1. June 4 Prompts Return to Sweeping Censorship
Pers istent and increased interference by government officials to
clamp down on all media reporting related to the 20th anniversary of
the 1989 Tiananmen Square massacre on June 4 indicated a worrying
return to China’s pre-Beijing Olympics intolerance of public
discussion of taboo subjects. The clampdown picked up pace from May,
with numerous incidents of interference reported in one of the
heaviest censorship campaigns seen in China in recent years.
In April, well-known Beijing dissident Zhang Zuhua and online
writer Zan Aizong were reportedly warned by China’s security bureau to
desist from writing about the anniversary.
Around the same time, the bureau reportedly reminded all
websites to censor or delete all June 4-related content, in keeping
with the ban on articles or photos related to June 4 since 1989.
In May, security officials reportedly instructed pro-democracy
activists and members of the Tiananmen Mothers group not to engage
with media personnel for interviews or at memorial events. Meanwhile,
mainland newspapers were instructed by the Propaganda Department not
to use the numbers 6 and 4 simultaneously in any articles.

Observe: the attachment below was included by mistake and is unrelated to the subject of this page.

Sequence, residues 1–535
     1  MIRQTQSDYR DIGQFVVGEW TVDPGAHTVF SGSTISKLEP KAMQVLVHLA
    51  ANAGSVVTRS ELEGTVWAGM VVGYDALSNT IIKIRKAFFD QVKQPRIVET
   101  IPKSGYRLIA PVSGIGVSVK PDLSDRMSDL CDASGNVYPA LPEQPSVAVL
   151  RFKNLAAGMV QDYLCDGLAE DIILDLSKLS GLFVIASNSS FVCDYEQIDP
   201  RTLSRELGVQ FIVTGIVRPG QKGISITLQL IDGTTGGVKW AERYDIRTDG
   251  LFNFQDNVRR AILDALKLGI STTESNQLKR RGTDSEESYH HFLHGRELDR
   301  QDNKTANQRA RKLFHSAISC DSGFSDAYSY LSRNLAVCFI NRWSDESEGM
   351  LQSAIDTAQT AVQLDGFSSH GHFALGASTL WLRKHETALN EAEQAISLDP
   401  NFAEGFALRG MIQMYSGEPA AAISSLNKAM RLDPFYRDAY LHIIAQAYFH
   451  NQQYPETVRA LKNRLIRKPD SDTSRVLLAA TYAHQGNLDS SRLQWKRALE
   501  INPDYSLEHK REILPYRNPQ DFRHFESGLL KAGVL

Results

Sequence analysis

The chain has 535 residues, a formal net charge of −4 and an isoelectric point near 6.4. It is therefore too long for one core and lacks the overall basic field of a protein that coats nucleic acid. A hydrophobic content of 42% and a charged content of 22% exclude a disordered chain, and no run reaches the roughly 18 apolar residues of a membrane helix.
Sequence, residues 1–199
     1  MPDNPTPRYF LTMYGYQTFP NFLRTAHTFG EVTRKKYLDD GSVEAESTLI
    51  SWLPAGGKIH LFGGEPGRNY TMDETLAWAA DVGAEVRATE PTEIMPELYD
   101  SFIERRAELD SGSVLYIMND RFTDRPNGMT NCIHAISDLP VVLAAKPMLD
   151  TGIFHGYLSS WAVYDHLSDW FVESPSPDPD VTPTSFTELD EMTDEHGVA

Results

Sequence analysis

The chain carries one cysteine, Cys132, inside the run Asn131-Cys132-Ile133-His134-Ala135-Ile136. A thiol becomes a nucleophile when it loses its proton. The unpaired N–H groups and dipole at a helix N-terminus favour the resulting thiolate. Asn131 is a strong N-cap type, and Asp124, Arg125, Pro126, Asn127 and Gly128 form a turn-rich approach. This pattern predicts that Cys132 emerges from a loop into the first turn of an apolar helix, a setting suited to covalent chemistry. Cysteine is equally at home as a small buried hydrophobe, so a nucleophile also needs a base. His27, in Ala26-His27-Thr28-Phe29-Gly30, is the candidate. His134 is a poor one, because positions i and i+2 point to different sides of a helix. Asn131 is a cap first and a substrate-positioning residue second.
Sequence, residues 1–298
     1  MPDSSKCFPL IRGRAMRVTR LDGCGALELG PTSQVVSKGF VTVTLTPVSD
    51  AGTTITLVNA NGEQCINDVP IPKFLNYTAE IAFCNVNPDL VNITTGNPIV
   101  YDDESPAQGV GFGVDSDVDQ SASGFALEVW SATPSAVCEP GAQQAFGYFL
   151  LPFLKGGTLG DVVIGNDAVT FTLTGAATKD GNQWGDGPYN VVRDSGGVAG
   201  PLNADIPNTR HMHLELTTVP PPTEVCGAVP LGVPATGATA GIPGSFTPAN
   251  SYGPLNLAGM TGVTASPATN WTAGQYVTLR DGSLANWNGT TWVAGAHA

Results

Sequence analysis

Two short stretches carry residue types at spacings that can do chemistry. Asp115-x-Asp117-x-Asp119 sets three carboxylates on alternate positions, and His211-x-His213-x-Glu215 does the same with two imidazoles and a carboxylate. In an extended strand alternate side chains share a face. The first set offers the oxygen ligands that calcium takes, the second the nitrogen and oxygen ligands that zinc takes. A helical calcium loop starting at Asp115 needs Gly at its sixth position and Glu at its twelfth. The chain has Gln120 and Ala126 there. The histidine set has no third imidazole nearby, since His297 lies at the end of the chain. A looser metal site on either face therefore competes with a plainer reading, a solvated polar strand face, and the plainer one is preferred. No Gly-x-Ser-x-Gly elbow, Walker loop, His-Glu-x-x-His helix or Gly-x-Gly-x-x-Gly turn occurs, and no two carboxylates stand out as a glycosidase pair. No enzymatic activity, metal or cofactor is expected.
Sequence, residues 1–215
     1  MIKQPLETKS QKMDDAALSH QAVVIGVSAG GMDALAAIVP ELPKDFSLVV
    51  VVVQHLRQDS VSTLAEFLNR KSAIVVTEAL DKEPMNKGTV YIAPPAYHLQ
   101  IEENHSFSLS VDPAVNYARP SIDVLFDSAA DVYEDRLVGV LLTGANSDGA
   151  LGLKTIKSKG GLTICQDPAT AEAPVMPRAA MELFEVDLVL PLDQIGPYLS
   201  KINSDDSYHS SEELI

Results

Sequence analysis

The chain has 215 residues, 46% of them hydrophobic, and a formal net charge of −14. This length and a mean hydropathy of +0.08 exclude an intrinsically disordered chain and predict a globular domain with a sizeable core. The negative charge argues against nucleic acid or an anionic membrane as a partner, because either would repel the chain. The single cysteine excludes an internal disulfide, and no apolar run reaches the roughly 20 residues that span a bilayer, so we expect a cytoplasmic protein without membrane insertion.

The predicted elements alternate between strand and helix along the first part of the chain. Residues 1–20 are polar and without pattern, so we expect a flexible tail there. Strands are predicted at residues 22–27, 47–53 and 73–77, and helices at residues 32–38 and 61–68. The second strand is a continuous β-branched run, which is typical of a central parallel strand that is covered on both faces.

On May 18, Jiang Qisheng, vice president of Independent PEN, who
has already been jailed for articles previously written about June 4,
was unable to conduct an interview with the Hong Kong press in Beijing
after security20officials intervened. Jiang also reported that he had
been interrogated and his house ransacked following his writing of an
article called “Report of June 4” on May 15.
From May 19, mainland subscribers to Hong Kong newspaper Ming
Pao reported that content had been removed from their papers and
delivery was disrupted, according to an editorial published in Ming
Pao on May 28. Two other Hong Kong newspapers also found that June 4
content was removed and delivery delayed before the papers reached
mainland readers. An anonymous source told Ming Pao that the delays
and missing pages were a result of “senior instruction” to the
On May 25, security officers forced academic Zhou Duo to remain
at home after he said he wanted to go to Tiananmen Square to
participate in a hunger strike. Those who were allowed to go out,
including online writer Zan Aizong, were subject to heavy
Also on May 25, the China Think website, which ran online public
discussion about June 4, was shut down without explanation. Online
journalists, bloggers and writers reported a significant increase in
reports of unavailable internet sites, forced closures of discussion
boards and bans on social networking sites including Twitter, Hotmail,
Blogsp ot and YouTube in the lead-up to June 4.
From the end of May, foreign journalists travelling to mainland
China were not permitted to photograph Tiananmen Square. At the same
time, the Foreign Correspondents Club of China reported some
journalists were blocked from conducting interviews and local
interviewees were warned by security officials to refuse to answer any
On June 3, Zeng Jinyan, blogger and wife of imprisoned human
rights defender Hu Jia, was prevented from leaving her house by